Use a gooseneck stock trailer.
Otherwise, as someone suggested, leave the trailer out in her pen and I would even put some food in it. So, she's got to enter in order to eat.
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- BarefoottrimmerLv 78 years ago
How are you going to load her? I would presume from what you said that you will likely have to load her in a proper trailer for a "wild horse" through a shute. Regardless, she will, in all likelihood, not associate you or her relationship with you with being loaded in the trailer so I don't think it is a matter for concern. Just keep her safe and do what you have to to move her with the least amount of stress. She will likely be so wigged out, she won't even think about you. Horses don't really think like that.
- nLv 58 years ago
You could get the vet to come with you and give her sedation, we nearly had to do that with one of our lot when they moved. The council wouldn't renew the lease so we had to move 22 horses in one day, 2 of them were born at the stables and had never been on a horse box before. They actually loaded straight away. The nervy ones were given ACP to keep them calm. It took all day, but we got them all to their new home safely.
- Anonymous8 years ago
if she has a trusted companion horse or other livestock animal loading that one first and seeing if she'll follow him/her in is my best bet. If its a slant load just leave the dividers open so she can move freely and put plenty of food in there so its a positive experience. Be very gentle and soothing with your voice as encouragement and expect it to take a while.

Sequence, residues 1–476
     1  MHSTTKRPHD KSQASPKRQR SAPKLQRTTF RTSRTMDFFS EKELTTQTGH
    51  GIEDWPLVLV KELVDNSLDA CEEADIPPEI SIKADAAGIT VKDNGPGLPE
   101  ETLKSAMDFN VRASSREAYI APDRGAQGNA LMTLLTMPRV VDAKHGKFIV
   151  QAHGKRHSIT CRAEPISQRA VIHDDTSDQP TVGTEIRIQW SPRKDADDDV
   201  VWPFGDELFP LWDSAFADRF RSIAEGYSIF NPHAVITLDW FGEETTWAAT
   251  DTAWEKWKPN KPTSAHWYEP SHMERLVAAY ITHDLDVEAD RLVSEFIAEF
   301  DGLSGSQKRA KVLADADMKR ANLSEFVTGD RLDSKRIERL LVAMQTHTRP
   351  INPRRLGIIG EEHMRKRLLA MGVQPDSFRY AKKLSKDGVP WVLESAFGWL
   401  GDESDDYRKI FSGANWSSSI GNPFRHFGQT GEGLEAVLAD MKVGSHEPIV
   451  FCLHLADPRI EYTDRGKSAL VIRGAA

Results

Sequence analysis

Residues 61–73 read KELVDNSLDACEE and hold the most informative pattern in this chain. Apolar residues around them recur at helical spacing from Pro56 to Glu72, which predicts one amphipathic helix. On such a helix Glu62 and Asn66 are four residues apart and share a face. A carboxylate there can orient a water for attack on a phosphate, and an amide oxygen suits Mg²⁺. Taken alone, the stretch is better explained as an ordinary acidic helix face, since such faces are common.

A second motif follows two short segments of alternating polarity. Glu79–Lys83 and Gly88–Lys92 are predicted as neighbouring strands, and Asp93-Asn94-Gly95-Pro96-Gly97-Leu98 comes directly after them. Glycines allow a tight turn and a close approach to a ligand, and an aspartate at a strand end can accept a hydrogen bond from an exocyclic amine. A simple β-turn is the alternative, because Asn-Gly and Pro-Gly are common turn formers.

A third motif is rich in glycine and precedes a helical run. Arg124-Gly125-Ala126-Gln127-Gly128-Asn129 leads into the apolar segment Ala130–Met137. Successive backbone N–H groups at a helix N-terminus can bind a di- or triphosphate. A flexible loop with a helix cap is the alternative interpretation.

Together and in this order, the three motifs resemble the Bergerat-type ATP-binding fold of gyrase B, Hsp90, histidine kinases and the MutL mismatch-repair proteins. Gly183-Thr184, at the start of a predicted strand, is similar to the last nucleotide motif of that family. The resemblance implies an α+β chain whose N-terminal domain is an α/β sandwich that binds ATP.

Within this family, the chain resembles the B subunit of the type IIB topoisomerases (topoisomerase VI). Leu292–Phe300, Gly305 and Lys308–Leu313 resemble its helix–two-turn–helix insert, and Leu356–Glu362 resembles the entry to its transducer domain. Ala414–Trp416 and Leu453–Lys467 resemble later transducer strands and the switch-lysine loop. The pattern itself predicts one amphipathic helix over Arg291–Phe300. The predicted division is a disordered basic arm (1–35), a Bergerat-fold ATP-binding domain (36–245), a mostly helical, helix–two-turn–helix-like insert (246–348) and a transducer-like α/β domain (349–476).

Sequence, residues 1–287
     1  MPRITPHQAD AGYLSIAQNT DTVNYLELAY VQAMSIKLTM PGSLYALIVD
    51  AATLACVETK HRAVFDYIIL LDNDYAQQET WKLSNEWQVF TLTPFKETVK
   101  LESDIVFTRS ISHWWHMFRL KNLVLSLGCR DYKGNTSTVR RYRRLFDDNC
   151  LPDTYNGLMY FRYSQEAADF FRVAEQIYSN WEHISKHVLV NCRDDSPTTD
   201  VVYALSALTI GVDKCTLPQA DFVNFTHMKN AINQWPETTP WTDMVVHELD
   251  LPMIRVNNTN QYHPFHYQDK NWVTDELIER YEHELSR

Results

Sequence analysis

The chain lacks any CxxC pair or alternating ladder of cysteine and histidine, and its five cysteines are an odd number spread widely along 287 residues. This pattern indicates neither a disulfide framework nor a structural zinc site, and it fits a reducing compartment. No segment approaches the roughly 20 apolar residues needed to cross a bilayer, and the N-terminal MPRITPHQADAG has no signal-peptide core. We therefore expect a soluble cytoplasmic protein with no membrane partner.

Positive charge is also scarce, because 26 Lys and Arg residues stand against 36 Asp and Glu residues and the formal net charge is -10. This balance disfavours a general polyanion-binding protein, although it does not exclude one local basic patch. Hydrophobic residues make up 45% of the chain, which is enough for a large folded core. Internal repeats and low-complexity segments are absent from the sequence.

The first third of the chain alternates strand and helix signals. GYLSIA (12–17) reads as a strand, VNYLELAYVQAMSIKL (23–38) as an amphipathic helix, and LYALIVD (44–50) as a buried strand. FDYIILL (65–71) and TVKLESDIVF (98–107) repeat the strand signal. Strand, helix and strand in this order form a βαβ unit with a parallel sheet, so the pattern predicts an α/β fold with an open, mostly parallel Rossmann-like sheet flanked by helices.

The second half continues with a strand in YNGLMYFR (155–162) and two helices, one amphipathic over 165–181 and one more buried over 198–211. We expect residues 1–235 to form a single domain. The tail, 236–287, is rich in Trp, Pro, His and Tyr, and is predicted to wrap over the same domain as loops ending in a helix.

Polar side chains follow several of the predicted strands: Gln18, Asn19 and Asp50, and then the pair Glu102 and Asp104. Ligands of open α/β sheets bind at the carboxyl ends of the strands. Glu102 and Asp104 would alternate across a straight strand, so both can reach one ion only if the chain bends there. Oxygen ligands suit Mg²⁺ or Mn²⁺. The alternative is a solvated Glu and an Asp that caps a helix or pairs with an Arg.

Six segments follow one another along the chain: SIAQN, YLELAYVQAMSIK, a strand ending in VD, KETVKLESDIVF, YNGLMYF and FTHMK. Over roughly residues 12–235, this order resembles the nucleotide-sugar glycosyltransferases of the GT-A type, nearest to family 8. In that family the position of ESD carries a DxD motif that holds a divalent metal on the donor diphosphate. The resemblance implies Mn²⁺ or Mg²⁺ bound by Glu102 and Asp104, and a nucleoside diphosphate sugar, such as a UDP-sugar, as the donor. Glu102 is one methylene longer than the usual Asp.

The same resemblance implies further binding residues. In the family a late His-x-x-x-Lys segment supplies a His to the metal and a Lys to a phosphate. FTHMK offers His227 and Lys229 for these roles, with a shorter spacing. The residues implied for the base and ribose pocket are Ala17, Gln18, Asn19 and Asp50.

- westrichLv 44 years ago
It sounds greater like she could have some undesirable behavior—she may well be used to getting a manage whilst approached, and then she grow to be allowed to flee with working from a halter because of the fact it grow to be "humorous" or "lively"—and if it is the case you will basically must be corporation and incessant. she will have the means to earnings. If she IS shy, inspite of the undeniable fact that, and it does look as though there is a few of that, slow and stable is the thank you to flow. by no capacity suggestions-set her at as quickly as, devoid of postpone, or look her squarely in the eyes; %. animals, which is composed of dogs and horses, evaluate this an illustration of aggression, so in the event that they do no longer comprehend you nicely they often react skittishly. rather, suggestions-set her slowly, at an attitude, and purely shop her on your peripheral imaginitive and prescient; if she seems to be disenchanted via your develop, pause and make your suggestions-set greater oblique. as quickly as you get to her, stop interior of arm's attain yet do no longer touch her; permit her turn in the direction of you and observe the place her ears are centred, this assist you to comprehend the place her interest is. nonetheless do no longer look at her. At this element you may the two look ahead to her to realize out and sniff you, or you may carry your hand in the direction of her somewhat, yet shop your hand in a fist (open palms signify the "claws" that represent a predator). In the two case, she does must be the single to make the touch. What you need to do is get her in a halter, on an prolonged lead, and have her take some spins around the interior a corral. Arabians are seen "warm-blooded", meaning they are able to be excitable and regularly require committed time from their proprietor, yet whilst they comprehend what they must be doing (as you reported along with her being below the saddle) they're marvelous and extremely unswerving. You and he or she ought to get to comprehend one yet another, and having her jog around a corral gets her utilized on your scent and strikes; the halter and lead line will allow you to preserve administration of her and you may prepare putting it on and taking it off.
- MrbillLv 78 years ago
use a goat. we used a goat to load strong race horses. Just let the goat be around the horse. Load the goat first and the horse will load as well.